Relationship With India “Most Important” For US, Says White House Adviser

The White House adviser said that the US has decided to step up its partnership with India.

Washington:

At a time of changing world order and security challenges emanating in the wake of the Russia-Ukraine war, White House Indo-Pacific adviser Kurt Campbell said that the US has decided to step up its partnership with India as well as to provide New Delhi with the alternatives on security issues.

The official also called the relationship with India “most important” for the US in the 21st century.

“I think there are always challenges in our bilateral relationship, the key is to remain purposeful to understand that the most important relationship, in my view for the United States in the 21st century is likely to be with India,” he said in a panel discussion at Washington’s Center for a New American Security (CNAS), US.

“We need to make clear institutionally that we’re going to step up our partnerships across the Indian government, stronger intelligence links, stronger trade and economic links,” the US top policymaker noted.

Responding to different policy responses by QUAD (Australia, India, Japan and US) partners to Russia’s invasion of Ukraine, he said, “It is unrealistic to expect that on every issue that you will have complete alignment among four dynamic nations.”

Defending India’s neutral stance on the crisis, Campbell informed that the US is privately engaging with New Delhi and its leadership in an effort to communicate quite clearly, that over time, the US wants to build a “stronger relationship with India.”

“I think it is clear, however, in conversations and engagements with Indian friends, they understand the gravity of the situation playing out in Ukraine… And so I think what we have tried to do in a responsible way is to privately engage Indian colleagues in an effort to communicate quite clearly, that over time, we want to build a stronger relationship with India.”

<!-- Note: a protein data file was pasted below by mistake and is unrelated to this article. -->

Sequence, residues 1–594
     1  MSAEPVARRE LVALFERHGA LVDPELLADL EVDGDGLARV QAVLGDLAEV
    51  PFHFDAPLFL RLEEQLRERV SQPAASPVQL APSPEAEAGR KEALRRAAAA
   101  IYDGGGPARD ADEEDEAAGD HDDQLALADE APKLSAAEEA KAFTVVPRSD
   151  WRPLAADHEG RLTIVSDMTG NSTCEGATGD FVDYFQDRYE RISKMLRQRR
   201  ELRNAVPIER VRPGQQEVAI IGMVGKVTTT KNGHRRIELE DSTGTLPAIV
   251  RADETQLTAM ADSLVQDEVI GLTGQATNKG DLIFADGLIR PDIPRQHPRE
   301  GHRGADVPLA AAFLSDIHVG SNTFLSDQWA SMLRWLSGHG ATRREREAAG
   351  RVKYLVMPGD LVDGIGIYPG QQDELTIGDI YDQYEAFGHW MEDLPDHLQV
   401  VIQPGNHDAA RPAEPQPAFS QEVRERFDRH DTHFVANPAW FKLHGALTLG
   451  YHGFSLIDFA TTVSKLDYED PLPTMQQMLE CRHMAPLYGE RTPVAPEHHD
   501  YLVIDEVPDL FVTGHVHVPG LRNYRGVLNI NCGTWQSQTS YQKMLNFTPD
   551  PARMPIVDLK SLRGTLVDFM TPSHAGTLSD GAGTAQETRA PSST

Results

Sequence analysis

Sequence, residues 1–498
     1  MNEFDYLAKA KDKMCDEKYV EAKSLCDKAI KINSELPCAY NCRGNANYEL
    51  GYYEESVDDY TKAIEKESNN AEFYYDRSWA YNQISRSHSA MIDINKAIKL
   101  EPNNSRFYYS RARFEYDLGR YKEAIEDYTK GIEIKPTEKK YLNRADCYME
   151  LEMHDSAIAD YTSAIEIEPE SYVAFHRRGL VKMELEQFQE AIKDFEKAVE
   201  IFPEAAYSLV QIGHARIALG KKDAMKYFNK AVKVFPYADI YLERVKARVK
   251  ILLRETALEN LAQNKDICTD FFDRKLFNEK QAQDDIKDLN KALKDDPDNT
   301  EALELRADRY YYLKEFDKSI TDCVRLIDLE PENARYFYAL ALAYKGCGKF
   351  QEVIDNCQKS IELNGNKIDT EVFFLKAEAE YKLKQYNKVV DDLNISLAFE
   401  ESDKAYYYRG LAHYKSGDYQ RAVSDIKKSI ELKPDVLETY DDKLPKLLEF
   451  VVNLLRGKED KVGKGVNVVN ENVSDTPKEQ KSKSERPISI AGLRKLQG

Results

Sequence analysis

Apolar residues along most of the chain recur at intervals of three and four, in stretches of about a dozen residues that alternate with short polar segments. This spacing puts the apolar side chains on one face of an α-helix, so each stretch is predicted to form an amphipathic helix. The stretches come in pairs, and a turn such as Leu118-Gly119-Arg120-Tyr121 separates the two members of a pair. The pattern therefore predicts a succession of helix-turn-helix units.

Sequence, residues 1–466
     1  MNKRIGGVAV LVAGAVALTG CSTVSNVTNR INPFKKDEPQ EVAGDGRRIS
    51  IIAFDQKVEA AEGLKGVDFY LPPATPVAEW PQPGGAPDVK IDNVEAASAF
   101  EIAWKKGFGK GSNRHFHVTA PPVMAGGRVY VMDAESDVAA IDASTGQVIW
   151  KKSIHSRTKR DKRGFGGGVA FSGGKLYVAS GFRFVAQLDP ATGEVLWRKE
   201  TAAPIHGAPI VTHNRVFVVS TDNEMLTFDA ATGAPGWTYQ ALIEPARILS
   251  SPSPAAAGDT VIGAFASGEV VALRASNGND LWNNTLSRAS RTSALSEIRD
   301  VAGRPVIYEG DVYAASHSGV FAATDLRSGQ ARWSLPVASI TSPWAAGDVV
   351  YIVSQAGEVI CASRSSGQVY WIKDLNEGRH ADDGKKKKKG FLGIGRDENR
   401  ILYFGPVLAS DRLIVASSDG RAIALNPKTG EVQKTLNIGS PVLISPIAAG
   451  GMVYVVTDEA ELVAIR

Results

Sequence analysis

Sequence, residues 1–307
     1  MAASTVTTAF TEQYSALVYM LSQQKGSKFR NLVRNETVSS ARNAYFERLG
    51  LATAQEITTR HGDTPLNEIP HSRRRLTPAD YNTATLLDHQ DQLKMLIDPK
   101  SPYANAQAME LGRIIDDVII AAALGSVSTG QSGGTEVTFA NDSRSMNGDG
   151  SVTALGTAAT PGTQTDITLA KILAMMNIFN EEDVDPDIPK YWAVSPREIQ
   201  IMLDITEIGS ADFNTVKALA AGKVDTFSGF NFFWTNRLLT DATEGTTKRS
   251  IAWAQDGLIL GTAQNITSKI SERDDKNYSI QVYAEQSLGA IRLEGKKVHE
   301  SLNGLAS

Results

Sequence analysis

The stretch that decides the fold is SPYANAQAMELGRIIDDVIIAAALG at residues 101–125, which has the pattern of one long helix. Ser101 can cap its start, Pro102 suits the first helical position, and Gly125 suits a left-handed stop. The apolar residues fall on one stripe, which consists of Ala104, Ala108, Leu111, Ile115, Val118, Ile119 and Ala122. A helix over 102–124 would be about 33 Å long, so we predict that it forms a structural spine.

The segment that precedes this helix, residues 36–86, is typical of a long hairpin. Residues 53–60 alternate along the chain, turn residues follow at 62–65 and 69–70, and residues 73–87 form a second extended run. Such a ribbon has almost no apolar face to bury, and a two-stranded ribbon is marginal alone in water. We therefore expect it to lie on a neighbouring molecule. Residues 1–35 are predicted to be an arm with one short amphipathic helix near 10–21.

Campbell also highlighted that the US along with its allies like UK, France and Israel too will help India with alternatives on the security issue.

“We need to help provide India with alternatives on the security side that means not only the United States providing capabilities but partners like Great Britain, France and Israel. We are working with other countries to support India so it has a broader set of choices.” when it comes to security and defense,” said the White House official.

Going further, he said that India and the US have moved ahead in forging a strong partnership. The partnership between India and the US may be difficult but are necessary, “not just at the presidential – Prime Minister leader level but institutions like the 2+2 dialogue,” Campbell said.

Campbell also referred to the 2+2 ministerial dialogue between the defense and diplomacy leaderships, calling the meetings between the two countries “outstanding” and how the two democracies “were able to talk about a range of issues” determined to increase cooperation and engagement.

“I think the long, longer-term trajectory will bring the United States and India much closer together.”

India’s strategically independent foreign policy on the Russian-Ukrainian war that started earlier this year has put New Delhi in the international spotlight. As many hoped that India would have aligned itself with Ukraine and against Russia, given New Delhi’s growing involvement with Washington in the Quad grouping.

Speaking at the forum was Indian-American Democratic congressman Dr Ami Bera who represents the California district that includes the city of Sacramento, and chairs the House Foreign Affairs subcommittee on Asia, holding significant clout on legislation and spending in that area.

US relationship with India is “strategic, deep and this for the long haul”, US Rep Ami Bera, told the panel, stressing that he sees an opportunity in the India-US relationship as “India has shown an appetite to move towards the west and the United States”.

The US has often publicly acknowledged that it understands India’s historic ties with Russia and how it would be difficult for India to quickly cut its ties with Russia.

“Yeah, there are always hiccups on the road in our relationship with India, but at the end of the day, the trajectory is always moving in the right direction,” Bera added.

(Except for the headline, this story has not been edited by NDTV staff and is published from a syndicated feed.)

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